• Tilda Swinton, I am Love: She does so much with the smallest movements. Cut through the film's larger-than-life style and iffy screenplay, and you're left with surprisingly subtle work in an otherwise over the top film. That prawn-eating sequence stands as one of the best reaction scenes of the year.
  • Hailee Steinfeld, True Grit: Holding your own against one Oscar winner is big enough. Holding your own against two (often at the same time) and delivering intentionally archaic dialogue with aplomb for roughly 2 hours? That's just spectacular, especially when you're only 13 years old.
Best Supporting Actor:
  • Cillian Murphy, Inception: What could have been a total throwaway role turns into a surprisingly effective performance in the hands of this under-appreciated actor. Those eerie, transparent blue eyes are used to surprisingly powerful effect in his character's climactic scene, and it succeeds more than the Cobb/Mal relationship.
  • Kavyan Novak, Four Lions: For most of the movie, he's a bumbling doofus with spectacular comic timing. And then in the last 20 minutes, as the film goes a few shades darker, he hints at a character much more complex than the idiot who previously fires a rocket launcher backwards. His reactions when he holds a restaurant hostage are fascinating and tense, and somehow still funny.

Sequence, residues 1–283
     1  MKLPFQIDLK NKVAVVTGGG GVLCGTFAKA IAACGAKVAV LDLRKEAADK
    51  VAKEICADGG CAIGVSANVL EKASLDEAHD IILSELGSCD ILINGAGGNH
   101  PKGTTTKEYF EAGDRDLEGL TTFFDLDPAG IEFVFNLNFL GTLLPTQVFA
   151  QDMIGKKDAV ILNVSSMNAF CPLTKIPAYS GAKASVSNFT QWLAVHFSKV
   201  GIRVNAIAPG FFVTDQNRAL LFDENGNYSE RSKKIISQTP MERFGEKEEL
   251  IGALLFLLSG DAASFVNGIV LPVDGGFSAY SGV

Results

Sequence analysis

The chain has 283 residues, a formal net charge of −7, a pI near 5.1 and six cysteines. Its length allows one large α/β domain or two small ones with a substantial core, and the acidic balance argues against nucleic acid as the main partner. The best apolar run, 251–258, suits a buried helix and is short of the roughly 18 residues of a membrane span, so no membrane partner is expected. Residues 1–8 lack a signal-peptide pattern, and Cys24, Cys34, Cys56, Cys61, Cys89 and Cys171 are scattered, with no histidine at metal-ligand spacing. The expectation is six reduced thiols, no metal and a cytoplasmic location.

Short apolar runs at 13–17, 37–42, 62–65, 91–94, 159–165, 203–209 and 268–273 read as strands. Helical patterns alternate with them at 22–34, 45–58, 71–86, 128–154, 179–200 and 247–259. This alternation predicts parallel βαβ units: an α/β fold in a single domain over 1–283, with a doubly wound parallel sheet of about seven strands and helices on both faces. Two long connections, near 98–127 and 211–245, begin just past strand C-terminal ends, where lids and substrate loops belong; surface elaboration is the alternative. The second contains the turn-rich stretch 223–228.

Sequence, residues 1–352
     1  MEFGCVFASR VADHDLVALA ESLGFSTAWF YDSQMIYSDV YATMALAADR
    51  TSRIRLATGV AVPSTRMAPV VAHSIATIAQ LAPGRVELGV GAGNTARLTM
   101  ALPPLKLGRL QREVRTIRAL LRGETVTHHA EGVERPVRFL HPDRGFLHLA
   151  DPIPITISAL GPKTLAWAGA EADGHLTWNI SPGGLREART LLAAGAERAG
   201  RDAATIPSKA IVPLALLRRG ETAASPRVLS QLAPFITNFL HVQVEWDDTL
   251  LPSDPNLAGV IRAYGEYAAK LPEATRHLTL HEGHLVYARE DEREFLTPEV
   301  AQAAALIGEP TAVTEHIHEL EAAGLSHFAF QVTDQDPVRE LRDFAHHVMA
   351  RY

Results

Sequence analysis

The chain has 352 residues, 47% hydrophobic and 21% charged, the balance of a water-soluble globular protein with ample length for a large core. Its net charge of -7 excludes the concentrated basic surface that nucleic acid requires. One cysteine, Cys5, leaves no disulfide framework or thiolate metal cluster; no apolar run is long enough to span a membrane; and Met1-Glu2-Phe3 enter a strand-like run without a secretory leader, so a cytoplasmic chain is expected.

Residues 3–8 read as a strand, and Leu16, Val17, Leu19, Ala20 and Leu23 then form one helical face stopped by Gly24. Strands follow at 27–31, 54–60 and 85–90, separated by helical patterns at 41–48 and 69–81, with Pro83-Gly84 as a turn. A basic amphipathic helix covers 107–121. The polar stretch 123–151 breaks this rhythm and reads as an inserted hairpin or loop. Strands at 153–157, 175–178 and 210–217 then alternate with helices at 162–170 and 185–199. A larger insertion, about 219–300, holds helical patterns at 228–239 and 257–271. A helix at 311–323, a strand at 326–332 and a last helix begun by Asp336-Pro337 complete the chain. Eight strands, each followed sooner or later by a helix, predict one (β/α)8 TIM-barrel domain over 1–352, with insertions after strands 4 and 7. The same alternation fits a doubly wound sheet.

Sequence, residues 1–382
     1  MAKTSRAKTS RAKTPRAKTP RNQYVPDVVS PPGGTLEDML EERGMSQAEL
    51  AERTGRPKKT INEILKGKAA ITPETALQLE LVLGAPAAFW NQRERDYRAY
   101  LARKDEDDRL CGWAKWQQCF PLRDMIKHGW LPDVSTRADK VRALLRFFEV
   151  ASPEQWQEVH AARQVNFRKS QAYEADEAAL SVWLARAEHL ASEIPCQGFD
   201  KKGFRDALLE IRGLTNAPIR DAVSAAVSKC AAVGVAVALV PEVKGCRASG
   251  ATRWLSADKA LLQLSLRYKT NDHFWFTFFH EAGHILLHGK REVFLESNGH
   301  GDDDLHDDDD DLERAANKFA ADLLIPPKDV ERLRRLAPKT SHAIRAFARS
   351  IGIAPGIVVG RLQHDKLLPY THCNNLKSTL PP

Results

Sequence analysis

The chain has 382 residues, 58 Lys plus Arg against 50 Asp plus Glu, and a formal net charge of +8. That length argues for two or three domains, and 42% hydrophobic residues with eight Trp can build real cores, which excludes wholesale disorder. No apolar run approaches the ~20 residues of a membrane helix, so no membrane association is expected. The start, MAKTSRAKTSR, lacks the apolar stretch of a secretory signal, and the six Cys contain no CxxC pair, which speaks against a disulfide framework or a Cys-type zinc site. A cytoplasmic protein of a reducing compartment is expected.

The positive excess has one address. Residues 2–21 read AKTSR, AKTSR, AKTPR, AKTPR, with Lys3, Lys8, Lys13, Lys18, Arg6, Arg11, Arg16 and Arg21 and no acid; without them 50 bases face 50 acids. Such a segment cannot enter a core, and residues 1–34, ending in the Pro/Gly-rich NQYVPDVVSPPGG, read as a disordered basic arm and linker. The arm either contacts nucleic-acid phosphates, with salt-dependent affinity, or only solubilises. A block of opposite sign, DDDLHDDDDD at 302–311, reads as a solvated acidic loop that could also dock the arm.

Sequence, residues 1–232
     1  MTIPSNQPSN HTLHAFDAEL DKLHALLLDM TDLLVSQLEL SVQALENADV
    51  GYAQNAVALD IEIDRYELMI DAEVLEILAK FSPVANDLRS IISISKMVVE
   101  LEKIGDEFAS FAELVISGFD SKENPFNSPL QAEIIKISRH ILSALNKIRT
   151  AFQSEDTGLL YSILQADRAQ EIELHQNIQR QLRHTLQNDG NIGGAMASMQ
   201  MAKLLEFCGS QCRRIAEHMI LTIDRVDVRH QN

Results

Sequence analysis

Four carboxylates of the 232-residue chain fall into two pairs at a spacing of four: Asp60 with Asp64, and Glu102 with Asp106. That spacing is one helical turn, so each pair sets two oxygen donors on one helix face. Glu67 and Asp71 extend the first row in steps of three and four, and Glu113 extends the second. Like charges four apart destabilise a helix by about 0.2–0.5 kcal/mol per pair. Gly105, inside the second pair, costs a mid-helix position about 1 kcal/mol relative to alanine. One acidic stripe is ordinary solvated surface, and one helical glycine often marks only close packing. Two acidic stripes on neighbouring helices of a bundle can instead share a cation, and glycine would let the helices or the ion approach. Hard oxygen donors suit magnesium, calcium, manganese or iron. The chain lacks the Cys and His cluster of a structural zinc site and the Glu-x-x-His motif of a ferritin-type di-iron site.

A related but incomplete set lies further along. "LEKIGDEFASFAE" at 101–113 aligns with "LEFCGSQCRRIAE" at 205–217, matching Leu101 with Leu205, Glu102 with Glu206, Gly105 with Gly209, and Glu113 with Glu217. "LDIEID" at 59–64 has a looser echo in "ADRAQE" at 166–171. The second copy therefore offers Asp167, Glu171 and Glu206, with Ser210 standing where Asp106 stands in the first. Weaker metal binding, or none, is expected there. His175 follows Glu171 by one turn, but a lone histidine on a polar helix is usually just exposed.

• Miles Teller, Rabbit Hole: An actor with virtually no experience, he could have easily been steamrollered by Nicole Kidman in their scenes together. Instead, he brings a calm and intriguing demeanor, and the two play off of each other beautifully. The scene when he tells Becca that he "might have been driving 32 miles per hour" is one of the most beautifully subtle acting moments of the year.
  • Filippo Timi, Vincere: Makes his dual roles work marvelously with limited screen time. He takes what little he's given and turns in performances of striking intensity.
Best Supporting Actress:
  • Rebecca Hall, Red Riding 1974: She doesn't have much screen time to work with, but she makes the most of it. A very quiet performance, but also an effective one.
  • Barbara Hershey, Black Swan:
    An eerily oppressive "smother mother" least, that's how Nina sees her, and that's how good Hershey is at helping fulfill the film's orientation in Nina's head. Two words: cake scene.
  • Amy Adams and Melissa Leo, The Fighter: An "MTV girl" and a tough mother, both exceptionally played.
Best Cinematography:
  • Rob Hardy, Red Riding 1974: In addition to beautifully playing with light, he takes boring 1970s architecture and makes it quietly captivating to look at.
Best Score (Original or otherwise):
  • Daft Punk, TRON: Legacy: Perfectly suits the crisp, glowing world; a perfect match of story and composer(s).
  • John Powell, How to Train Your Dragon: Soaring, charming, and epic themes seamlessly interwoven. His work adds an extra oomph to the already exhilarating flight sequences.
  • Alexandre Desplat, The King's Speech: One of cinema's best working composers, his work here is delicate and charming, capturing the mood of the scenes, but still leaving room for the actors to do the heavy lifting.

1 comment:

Tom Clift said...

Some really great picks!